Quoted from pindude80:

What did I need to look for on a relay setup since there is no coil stop?

Again, there should probably be a brass washer between the core of the relay coil (hole where the screw goes in) and the relay frame. The screw that holds the coil in the frame should be brass as well.

#30 1 year ago
Quoted from mbaumle:

The curie point of steel or iron is somewhere above 1,000 degrees Fahrenheit. So unless you've got an autoclave lying around, your oven isn't going to get hot enough.

I've removed hard drive magnets from their backing using a 650 heat gun to soften the glue. The magnet was significantly weaker when I was done. So the oven may indeed work. It's free to try.

#31 1 year ago

A propane torch would surely be hot enough, but I think something else is the issue here.

#32 1 year ago

Just to clear up what may be a confusion point here...

The soldering gun method being talked about here (move in corcular motions close to the magnetized element) has nothing whatsoever to do with the temp of the element. It works because the soldering gun is plugged into an AC voltage and the tip basically forms an electromagnetic field that oscillates and scrambles the aligned field in the metal.

Dont try to heat you pieces with the element- its not hot enough to do anything by heat transfer- but you will very efficiently melt all the plastics near it.

#33 1 year ago
Quoted from jrpinball:

Again, there should probably be a brass washer between the core of the relay coil (hole where the screw goes in) and the relay frame. The screw that holds the coil in the frame should be brass as well.

Check some of the other relays that aren't sticking to see if they have a brass screw and a brass washer. The washer does not go under the screw head, but it goes between the end of the coil where the screw goes in, and the steel relay frame.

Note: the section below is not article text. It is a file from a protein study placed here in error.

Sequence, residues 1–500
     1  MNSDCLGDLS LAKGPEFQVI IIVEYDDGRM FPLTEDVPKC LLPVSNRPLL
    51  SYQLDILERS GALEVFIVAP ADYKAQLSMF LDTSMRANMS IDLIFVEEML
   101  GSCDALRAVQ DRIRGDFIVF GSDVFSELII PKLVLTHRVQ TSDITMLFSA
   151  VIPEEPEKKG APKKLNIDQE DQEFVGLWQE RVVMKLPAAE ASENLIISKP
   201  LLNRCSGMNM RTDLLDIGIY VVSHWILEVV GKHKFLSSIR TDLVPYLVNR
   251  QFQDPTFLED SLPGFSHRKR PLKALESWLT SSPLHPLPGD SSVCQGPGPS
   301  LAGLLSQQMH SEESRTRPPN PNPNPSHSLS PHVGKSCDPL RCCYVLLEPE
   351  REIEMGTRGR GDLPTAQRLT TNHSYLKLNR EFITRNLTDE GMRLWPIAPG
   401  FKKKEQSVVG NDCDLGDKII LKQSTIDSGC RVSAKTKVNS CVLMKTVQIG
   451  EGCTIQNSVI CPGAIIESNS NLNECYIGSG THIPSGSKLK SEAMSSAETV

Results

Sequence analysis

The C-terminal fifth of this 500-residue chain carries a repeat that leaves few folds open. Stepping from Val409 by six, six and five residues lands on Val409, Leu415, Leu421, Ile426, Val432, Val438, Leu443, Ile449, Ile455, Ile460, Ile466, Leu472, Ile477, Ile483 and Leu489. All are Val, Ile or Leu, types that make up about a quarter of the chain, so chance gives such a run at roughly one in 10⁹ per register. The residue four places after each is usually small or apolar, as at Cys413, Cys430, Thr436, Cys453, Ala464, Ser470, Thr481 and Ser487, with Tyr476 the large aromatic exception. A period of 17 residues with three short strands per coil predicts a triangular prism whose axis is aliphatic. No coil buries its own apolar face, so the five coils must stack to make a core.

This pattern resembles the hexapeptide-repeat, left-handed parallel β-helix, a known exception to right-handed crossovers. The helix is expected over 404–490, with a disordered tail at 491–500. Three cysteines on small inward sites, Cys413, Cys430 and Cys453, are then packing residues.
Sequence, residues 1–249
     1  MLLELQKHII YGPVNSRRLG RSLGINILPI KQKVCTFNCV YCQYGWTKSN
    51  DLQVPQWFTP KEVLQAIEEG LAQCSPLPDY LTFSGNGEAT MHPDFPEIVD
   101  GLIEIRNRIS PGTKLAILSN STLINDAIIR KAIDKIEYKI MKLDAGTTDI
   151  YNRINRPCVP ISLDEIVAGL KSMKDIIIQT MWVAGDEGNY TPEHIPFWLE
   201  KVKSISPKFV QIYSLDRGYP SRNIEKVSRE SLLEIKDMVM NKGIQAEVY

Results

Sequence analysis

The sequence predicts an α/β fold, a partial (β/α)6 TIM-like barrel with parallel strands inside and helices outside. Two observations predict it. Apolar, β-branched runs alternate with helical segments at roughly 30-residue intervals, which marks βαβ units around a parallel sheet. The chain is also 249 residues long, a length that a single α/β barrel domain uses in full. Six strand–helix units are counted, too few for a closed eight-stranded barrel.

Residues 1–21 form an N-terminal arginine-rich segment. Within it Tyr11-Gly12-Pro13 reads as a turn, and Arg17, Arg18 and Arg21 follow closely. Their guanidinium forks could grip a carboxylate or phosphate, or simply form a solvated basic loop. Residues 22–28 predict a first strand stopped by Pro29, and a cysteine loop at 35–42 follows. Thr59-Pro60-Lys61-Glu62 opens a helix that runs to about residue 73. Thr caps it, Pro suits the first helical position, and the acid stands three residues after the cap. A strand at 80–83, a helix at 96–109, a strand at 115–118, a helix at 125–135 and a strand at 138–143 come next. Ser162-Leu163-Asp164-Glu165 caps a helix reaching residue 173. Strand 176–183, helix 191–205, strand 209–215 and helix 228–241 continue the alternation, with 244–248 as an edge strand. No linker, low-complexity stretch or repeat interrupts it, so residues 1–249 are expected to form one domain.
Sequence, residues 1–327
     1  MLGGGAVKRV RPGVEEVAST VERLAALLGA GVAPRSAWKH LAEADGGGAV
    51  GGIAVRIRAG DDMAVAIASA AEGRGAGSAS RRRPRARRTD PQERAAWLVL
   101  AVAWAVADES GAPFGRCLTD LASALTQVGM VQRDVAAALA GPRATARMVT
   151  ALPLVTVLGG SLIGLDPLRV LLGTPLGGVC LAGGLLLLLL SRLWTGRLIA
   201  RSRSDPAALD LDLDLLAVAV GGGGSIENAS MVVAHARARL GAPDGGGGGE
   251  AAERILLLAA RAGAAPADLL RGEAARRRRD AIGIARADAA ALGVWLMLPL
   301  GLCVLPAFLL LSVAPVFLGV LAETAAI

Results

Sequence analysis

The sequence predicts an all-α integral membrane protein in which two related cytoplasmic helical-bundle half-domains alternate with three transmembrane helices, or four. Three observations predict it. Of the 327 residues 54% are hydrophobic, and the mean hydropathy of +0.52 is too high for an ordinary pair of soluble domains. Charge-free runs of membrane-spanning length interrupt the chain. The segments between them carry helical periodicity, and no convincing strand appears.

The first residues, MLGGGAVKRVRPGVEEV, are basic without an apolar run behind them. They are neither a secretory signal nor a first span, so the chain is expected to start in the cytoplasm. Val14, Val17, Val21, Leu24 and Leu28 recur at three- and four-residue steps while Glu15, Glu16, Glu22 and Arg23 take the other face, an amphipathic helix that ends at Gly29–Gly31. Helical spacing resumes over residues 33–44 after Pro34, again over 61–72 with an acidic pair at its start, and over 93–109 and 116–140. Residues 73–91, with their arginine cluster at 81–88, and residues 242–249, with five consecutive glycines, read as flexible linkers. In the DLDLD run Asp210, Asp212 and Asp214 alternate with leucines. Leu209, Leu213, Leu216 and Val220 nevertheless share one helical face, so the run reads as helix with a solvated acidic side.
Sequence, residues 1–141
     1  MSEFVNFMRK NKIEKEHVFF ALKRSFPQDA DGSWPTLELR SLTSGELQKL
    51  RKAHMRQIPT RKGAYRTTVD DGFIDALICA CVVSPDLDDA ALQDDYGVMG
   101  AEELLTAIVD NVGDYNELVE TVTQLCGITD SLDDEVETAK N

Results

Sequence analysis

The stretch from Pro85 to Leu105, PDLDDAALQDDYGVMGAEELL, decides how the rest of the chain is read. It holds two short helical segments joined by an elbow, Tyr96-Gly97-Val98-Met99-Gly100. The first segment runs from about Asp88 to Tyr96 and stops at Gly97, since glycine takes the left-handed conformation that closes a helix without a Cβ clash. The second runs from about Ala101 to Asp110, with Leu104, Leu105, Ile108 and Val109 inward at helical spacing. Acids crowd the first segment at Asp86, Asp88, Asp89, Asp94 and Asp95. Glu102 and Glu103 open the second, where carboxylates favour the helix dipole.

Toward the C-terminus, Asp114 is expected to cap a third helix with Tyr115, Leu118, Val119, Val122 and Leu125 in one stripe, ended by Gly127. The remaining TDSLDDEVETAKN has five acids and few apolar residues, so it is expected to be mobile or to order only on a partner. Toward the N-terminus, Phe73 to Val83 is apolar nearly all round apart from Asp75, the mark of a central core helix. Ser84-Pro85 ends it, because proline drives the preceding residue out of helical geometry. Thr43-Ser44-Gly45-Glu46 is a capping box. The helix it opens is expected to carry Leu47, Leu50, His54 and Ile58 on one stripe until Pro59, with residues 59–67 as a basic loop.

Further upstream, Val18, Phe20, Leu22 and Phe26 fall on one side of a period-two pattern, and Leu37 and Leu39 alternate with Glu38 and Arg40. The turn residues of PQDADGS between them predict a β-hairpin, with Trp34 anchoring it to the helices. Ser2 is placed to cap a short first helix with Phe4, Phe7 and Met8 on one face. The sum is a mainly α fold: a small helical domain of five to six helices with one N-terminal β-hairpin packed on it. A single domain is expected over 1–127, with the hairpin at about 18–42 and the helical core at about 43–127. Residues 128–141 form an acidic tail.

#34 1 year ago
Quoted from jrpinball:

Check some of the other relays that aren't sticking to see if they have a brass screw and a brass washer. The washer does not go under the screw head, but it goes between the end of the coil where the screw goes in, and the steel relay frame.

Ok, will do.

#35 1 year ago

You can see this coil has a copper piece on the end of the steel pole piece. This is acting to break the magnetic field in this particular design.

There are many variations and methods of doing this.
coil (resized).png

#36 1 year ago

Any chance you are confusing a lock-on or a weak lock-on for a magnetized armature? When it is "stuck" on, does turning the game off release it? Or can you get it "stuck" with the power off?

#37 1 year ago

I had that happen only one time, I think I just put one or two snips of electrical tape on the coil side of the armature, but it wasn't one of those 'always on' coils like a hold relay that get hotter than hell or it would probably end up melting it. I always look for the easy way... if it works.

#38 1 year ago

I had a similar issue once. I took the plate and sanded it smooth to be sure there was no mechanical binding. Then beat it with a hammer for a while. Then used a torch and heated it a couple times. After that my problem went away

#39 1 year ago
Quoted from frenchmarky:

I had that happen only one time, I think I just put one or two snips of electrical tape on the coil side of the armature, but it wasn't one of those 'always on' coils like a hold relay that get hotter than hell or it would probably end up melting it. I always look for the easy way... if it works.

I wouldn't recommend the tape technique. I tried this on a Grand Prix I had on location (so it got a lot of play). At first the tape fixed the issue, but eventually the tape molded to the shape of the coil head and actually made the sticking worse.